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Monday, October 5, 2015

If You Work For A Federal Contractor, You Have More Rights Than You Thought You Did. Thanks, Obama!

President Obama has been firing up his mighty pen and issuing Executive Orders left and right. Well, left anyhow. Some of those orders may benefit you. If you work for a company that does business with or gets money from the Federal government, you probably have more rights than you thought you did.

Here are some of the lovely, pro-employee executive orders that you should thank President Obama for (and vote well in the next election to preserve, since every Republican candidate vows to reverse every one of these):

Paid sick leave: You will be entitled to one hour of paid sick leave for every 30 hours worked, starting in 2017. Since this is just a few days before the President leaves office, if you vote wrong this order will not have much chance to actually go into effect.

LGBT discrimination: Gender identity discrimination by contractors is now illegal, along with sexual orientation discrimination.

$10.10 minimum wage: Starting January 1, 2016, contractors must pay $10.10/hour as a minimum wage, and $5.85/hour to tipped employees.

Right to work for a successor company: For service contracts of $150,000 and up, if a new company displaces an existing company, the employees of the predecessor must be offered first shot at jobs under the new contract. Service employees have to be told of their right of first refusal by either posting a notice or giving individual notice to the predecessor contractor’s employees. The predecessor contractor has to provide its successor an employee list by 30 days before the end of the contract.

Blacklisting for employment/labor law violations: Anyone applying or bidding for a federal contract of $500,000 or more must disclose any employment or labor law violation. They must disclose any administrative merit determination, arbitral award or decision, or civil judgment rendered against them within the preceding three-year period for a violation of any of these laws:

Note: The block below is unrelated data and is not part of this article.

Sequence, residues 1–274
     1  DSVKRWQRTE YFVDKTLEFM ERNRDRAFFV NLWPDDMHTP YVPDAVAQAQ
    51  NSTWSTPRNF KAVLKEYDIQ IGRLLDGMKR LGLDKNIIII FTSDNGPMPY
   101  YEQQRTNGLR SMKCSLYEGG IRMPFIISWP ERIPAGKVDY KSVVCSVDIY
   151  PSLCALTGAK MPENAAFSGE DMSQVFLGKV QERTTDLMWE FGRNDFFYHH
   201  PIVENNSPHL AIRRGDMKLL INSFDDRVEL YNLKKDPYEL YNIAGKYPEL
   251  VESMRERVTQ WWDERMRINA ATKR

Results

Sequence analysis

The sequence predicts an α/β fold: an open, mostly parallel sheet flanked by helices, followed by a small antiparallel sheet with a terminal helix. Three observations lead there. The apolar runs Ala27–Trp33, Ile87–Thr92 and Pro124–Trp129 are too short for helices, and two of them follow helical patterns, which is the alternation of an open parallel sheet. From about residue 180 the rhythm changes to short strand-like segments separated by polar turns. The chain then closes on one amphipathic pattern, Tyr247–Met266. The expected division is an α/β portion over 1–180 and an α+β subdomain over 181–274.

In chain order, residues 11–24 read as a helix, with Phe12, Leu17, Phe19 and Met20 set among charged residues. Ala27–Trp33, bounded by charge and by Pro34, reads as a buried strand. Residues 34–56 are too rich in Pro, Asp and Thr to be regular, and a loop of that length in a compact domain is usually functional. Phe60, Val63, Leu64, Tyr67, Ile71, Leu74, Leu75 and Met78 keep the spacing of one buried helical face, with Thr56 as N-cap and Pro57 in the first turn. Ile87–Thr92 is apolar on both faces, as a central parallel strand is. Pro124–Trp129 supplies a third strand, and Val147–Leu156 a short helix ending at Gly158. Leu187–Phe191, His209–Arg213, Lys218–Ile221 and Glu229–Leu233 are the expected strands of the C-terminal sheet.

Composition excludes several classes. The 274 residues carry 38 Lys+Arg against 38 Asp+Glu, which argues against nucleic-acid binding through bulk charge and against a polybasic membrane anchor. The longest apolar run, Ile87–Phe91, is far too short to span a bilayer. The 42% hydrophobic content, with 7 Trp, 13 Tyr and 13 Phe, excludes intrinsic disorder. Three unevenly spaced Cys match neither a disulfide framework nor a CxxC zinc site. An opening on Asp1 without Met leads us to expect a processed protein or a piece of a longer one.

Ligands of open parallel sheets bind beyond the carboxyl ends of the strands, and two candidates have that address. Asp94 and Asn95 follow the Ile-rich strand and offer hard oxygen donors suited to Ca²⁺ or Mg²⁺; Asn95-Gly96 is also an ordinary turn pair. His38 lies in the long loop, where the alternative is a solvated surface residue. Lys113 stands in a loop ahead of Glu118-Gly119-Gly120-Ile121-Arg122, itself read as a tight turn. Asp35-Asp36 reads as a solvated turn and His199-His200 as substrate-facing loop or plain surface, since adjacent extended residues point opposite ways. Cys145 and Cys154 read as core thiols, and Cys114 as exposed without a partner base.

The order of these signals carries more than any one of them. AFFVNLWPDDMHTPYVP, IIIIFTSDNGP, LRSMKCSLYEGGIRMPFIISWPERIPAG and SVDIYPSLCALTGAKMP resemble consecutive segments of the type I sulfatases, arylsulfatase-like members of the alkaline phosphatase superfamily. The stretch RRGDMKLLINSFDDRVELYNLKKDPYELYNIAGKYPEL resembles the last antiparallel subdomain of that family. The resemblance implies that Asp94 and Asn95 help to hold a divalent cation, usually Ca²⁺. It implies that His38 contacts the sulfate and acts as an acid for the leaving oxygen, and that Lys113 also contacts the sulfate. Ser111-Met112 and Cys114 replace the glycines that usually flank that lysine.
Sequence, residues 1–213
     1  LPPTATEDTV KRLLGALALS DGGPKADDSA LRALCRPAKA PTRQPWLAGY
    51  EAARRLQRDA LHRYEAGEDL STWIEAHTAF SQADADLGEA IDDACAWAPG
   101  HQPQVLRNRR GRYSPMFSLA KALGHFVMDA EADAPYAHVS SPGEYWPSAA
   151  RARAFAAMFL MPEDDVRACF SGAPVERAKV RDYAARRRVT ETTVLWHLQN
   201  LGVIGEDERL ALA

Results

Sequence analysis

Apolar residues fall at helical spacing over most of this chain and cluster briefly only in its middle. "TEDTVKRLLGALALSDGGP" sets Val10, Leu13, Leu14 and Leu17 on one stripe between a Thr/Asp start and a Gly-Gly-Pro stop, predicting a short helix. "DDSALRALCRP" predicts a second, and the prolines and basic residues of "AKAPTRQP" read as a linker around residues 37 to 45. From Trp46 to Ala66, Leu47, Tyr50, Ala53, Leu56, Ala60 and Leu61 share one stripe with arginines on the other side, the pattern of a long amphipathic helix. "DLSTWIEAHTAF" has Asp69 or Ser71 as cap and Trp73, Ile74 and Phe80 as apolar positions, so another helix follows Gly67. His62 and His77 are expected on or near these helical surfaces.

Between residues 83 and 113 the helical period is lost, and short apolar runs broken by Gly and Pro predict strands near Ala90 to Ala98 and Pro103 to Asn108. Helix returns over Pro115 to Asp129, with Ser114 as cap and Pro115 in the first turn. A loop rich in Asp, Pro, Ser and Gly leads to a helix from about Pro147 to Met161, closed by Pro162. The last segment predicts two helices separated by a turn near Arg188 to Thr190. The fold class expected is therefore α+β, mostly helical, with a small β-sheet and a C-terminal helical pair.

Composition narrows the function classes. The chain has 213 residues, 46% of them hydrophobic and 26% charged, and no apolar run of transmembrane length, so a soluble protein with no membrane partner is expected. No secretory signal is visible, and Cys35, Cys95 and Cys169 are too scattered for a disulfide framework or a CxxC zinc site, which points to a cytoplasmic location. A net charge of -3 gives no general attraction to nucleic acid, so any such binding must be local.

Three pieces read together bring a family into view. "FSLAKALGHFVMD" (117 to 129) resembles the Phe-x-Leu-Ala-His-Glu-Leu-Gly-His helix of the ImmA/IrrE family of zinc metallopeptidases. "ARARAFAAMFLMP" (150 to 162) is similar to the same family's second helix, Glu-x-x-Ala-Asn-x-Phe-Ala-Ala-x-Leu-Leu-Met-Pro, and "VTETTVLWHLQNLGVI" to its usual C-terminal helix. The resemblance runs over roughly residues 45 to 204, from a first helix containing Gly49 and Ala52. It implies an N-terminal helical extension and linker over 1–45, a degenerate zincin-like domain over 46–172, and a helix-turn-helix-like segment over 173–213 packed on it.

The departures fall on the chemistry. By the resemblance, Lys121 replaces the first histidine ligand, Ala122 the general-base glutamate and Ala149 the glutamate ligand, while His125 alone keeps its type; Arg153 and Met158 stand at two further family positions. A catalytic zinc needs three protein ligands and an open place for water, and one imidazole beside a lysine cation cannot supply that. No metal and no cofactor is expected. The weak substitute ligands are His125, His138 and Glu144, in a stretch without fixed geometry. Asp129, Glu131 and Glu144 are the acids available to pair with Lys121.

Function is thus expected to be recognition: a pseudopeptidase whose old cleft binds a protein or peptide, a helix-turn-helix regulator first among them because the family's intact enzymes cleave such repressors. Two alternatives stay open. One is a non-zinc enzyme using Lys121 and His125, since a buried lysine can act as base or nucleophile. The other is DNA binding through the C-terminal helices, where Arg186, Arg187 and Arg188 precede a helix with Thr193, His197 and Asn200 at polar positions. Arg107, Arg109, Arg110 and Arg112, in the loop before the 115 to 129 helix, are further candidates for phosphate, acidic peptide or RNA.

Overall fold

(A) the Fair Labor Standards Act;
(B) the Occupational Safety and Health Act of 1970;
(C) the Migrant and Seasonal Agricultural Worker Protection Act;
(D) the National Labor Relations Act;
(E) 40 U.S.C. chapter 31, subchapter IV, also known as the Davis-Bacon Act;
(F) 41 U.S.C. chapter 67, also known as the Service Contract Act;
(G) Executive Order 11246 of September 24, 1965 (Equal Employment Opportunity);
(H) section 503 of the Rehabilitation Act of 1973;
(I) 38 U.S.C. 3696, 3698, 3699, 4214, 4301-4306, also known as the Vietnam Era Veterans' Readjustment Assistance Act of 1974;
(J) the Family and Medical Leave Act;
(K) title VII of the Civil Rights Act of 1964;
(L) the Americans with Disabilities Act of 1990;
(M) the Age Discrimination in Employment Act of 1967;
(N) Executive Order 13658 of February 12, 2014
(Establishing a Minimum Wage for Contractors); or
(O) equivalent State laws, as defined in guidance issued by the Department of Labor.
Post-award and during the performance of a contract, contractors have to update their violation information every six months and, for some contracts, obtain the same violation information from their covered subcontractors.

This means that federal contractors need to be very afraid of things like a "cause" finding from EEOC. Punishment for repeat offenders can be up to cancellation or denial of a contract.

No mandatory arbitration: Yes, I know I linked to the same executive order as blacklisting, above. That's because the same order bans agreements that require mandatory arbitration for discrimination and sexual harassment claims. Specifically, "for all contracts where the estimated value of the supplies acquired and services required exceeds $1 million, provisions in solicitations and clauses in contracts shall provide that contractors agree that the decision to arbitrate claims arising under title VII of the Civil Rights Act of 1964 or any tort related to or arising out of sexual assault or harassment may only be made with the voluntary consent of employees or independent contractors after such disputes arise." This also applies to subcontractors providing services or supplies over $1 million.

Overall, these orders mean that President Obama has taken serious action to protect as many employees as he can with his pen, since Congress won't do diddly squat to protect employees in its current configuration. This is solid proof that your vote matters.

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I appreciate your comments and general questions but this isn't the place to ask confidential legal questions. If you need an employee-side employment lawyer, try http://exchange.nela.org/findalawyer to locate one in your state.